June 9th 2020
Learn how to leverage the Validate Finding feature of StackHawk to find and fix security bugs faster.
As a front end developer, I’ve scoured countless pages of documentation and StackOverflow replies seeking the answer to a problem I’m trying to solve. When the issue stems from a network request or other type of data transfer, these resources have suggested using curl to execute your request. When fixing security vulnerabilities, executing a request via curl allows you to more quickly find the part of the codebase that needs to be fixed.
Overview of curl
Nearly everyone with access to a command line interface can use curl, regardless of operating system (if you’re a Windows developer, many
workflow tools, like Git for Windows, will have curl built in). This makes it an excellent broadly applicable tool to help developers regardless of language, framework, or type of application they are supporting.
Given the widespread use and power of curl commands, we can use the
data provided from StackHawk to recreate a potential attack on our
application. StackHawk is an application security testing tool, scanning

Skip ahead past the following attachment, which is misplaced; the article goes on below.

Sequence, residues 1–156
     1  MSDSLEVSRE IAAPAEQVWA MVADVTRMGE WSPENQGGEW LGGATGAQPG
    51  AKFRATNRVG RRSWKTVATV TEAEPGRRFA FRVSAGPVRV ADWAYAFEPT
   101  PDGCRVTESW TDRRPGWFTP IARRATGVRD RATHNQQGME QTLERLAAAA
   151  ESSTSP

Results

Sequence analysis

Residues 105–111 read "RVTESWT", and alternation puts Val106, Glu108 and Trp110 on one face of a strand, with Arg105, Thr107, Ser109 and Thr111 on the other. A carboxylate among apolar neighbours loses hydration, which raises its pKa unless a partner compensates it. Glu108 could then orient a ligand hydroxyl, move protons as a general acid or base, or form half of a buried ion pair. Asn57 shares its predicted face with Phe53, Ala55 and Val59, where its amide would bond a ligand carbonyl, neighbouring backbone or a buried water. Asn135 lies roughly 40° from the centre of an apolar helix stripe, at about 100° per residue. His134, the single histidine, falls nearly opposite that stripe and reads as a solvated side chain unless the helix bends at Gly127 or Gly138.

your application to find security bugs.
After a StackHawk scan is complete, you can jump into the web application to take a look at the list of findings. The UI gives details of the request and response payloads for a particular finding. When you have a security bug, the newly released Validate button helps you fix the problem faster.
Clicking on the Validate button will generate the curl command used to identify the bug. This curl command will have the correct HTTP verb, иheaders and data fields to recreate the potential attack. By running this curl command in debug mode in your IDE, you can step through the requests to identify where the bug lives in code. With this, you can quickly fix the vulnerability and get back to building software.
At StackHawk, we aim to empower developers to own their application
security through knowledge and tooling, like the ability to recreate a curl attack from within our platform. Using this knowledge, you can protect your input fields, write tests against malicious data requests and have the peace of mind knowing how your web application can be attacked.